Colin Kaepernick drew considerable attention to himself and the Black Lives Matter movement by sitting during the National Anthem before preseason games, in an effort to bring attention to the state of race relations in the United States. This article will not touch on whether the protests for Black Lives Matter are merited or effective, because I am not qualified to have an informed opinion on that — or at least an opinion that is worth sharing to the public.
Kaepernick scored in the 98th percentile (among all people) on the Wonderlic intelligence test, given to all players eligible for the NFL draft. He’s an intelligent and influential person who used his status in football to make a political statement. He stirred massive amounts of controversy — some lauding him and some despising him. He garnered a significant amount of personal attention, evidenced by an increased social media following and higher jersey sales. He announced a plan after his Sept. 1 protest to donate his first $1 million dollars of earnings this season to charities focused on racial issues. There may have been other, more effective or meaningful methods of protest, but Kaepernick is exercising his right to free speech.
Kaepernick and Broncos wide receiver Brandon Marshall — who protested on NFL’s opening night — both maintained that their protests were not meant to disrespect the military or to be anti-America. Sixty-eight percent of NFL players are black, making the issue of race relations extremely relevant and personal to their athletic population. This opening NFL Sunday, however, represented a new obstacle for the protesting players, as it marked the 15th anniversary of the 9/11 attacks. There was an extremely fine line between what was acceptable and what was not. The attacks represented a major turning point in American history and are still permanently embedded in the minds of millions of Americans. Sitting through the National Anthem could be taken as a major sign of disrespect for the lives lost in the attacks and in the military responses following 9/11.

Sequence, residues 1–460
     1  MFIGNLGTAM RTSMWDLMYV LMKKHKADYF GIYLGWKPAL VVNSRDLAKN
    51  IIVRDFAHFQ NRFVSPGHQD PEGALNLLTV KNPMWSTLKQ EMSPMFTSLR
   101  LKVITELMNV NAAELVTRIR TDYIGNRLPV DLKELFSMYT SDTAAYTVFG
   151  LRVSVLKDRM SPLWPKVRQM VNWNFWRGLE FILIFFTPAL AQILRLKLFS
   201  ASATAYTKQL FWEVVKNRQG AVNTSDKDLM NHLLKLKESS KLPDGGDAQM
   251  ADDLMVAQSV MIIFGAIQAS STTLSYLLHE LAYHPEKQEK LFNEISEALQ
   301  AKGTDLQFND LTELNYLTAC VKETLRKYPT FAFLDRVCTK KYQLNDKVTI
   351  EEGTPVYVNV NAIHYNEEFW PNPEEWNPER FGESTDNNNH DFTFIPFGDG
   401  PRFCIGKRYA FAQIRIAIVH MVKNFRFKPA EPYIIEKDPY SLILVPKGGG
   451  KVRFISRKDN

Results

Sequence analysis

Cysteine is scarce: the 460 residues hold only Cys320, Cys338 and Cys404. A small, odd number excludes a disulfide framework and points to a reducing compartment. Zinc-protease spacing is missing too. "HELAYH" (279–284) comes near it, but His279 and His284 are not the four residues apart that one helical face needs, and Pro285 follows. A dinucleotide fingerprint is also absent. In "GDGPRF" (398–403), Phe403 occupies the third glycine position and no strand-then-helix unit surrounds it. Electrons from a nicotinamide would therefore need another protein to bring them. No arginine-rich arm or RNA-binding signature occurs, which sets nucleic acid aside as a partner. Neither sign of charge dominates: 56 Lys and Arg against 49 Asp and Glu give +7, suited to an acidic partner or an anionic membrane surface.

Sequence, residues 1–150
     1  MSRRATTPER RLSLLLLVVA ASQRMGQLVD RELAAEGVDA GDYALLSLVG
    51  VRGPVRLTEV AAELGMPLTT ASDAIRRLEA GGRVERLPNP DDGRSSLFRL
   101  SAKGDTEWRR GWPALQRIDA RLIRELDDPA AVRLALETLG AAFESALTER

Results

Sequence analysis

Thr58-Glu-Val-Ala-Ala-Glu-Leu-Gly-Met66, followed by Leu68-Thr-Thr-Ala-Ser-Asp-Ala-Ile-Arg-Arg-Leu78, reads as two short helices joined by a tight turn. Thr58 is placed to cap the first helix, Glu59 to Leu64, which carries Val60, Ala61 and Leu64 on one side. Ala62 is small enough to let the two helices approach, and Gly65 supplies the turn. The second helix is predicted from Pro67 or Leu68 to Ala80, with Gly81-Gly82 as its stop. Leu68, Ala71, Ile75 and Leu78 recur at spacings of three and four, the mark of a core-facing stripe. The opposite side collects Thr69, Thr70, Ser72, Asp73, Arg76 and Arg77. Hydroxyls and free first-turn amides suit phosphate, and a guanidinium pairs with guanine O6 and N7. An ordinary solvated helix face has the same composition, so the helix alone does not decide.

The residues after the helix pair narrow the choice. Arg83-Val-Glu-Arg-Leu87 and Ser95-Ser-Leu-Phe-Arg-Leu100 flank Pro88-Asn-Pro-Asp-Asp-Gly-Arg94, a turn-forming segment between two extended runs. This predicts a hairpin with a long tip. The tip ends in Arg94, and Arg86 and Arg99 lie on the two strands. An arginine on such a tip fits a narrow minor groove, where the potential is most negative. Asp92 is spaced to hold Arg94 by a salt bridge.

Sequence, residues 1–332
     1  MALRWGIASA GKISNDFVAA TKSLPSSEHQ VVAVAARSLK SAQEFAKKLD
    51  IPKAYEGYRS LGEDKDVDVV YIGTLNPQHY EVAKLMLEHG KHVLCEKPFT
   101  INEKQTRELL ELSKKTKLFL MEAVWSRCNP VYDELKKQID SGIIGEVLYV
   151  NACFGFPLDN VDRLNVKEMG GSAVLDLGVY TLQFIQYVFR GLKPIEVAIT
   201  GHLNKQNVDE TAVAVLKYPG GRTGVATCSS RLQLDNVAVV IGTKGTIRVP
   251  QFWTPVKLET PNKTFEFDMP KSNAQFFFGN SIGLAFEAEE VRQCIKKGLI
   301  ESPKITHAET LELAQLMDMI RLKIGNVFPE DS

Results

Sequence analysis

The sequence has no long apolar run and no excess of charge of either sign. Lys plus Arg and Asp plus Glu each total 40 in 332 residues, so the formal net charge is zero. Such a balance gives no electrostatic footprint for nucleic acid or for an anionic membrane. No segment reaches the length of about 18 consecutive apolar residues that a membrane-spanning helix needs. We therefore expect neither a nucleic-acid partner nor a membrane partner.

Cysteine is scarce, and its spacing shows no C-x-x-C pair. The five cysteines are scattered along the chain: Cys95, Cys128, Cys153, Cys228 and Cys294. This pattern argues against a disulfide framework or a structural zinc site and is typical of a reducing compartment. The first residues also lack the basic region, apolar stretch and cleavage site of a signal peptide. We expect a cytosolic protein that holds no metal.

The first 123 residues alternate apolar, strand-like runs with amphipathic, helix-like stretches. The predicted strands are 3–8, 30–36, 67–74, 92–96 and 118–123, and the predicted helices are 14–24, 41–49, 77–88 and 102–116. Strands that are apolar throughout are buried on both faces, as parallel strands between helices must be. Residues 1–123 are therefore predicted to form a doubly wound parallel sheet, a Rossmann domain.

Interestingly enough, Kaepernick was not scheduled to play on Sunday, so he was not given the opportunity to continue his protest on 9/11. However, the players who did protest did so in a manner that was both respectful yet powerful enough to warrant attention. The Seahawks interlocked arms and stood in solidarity during the National Anthem. Chiefs cornerback Marcus Peters held his black-gloved fist in the air — mirroring Olympians Tommie Smith and John Carlos’s 1968 salute at the Mexico City games. Four Miami Dolphins players kneeled during the anthem — but they still placed their hands over their hearts.
My opinion is that they did enough to get the attention of the media, but not so much that they overshadowed or hurt the reputation of the movement that they are trying to perpetuate. Had they not held their hands over their hearts or had they continued their protest throughout 9/11 memorials before the game, there would have been significantly more backlash than support for their protests. Donald Trump and Kate Upton, among others, disagreed with the protesters on Sunday, and expressed their disagreements to the press and over social media.
The players were able to respectfully honor those lost and those affected by our 9/11 tragedies, while still exercising their right to free speech that is protected by our military. Regardless of whether the movement is justified, the protest was done tastefully and respectfully on a day that protesting carried a risk of overshadowing both the Black Lives Matter movement and the effort to remember the victims of 9/11.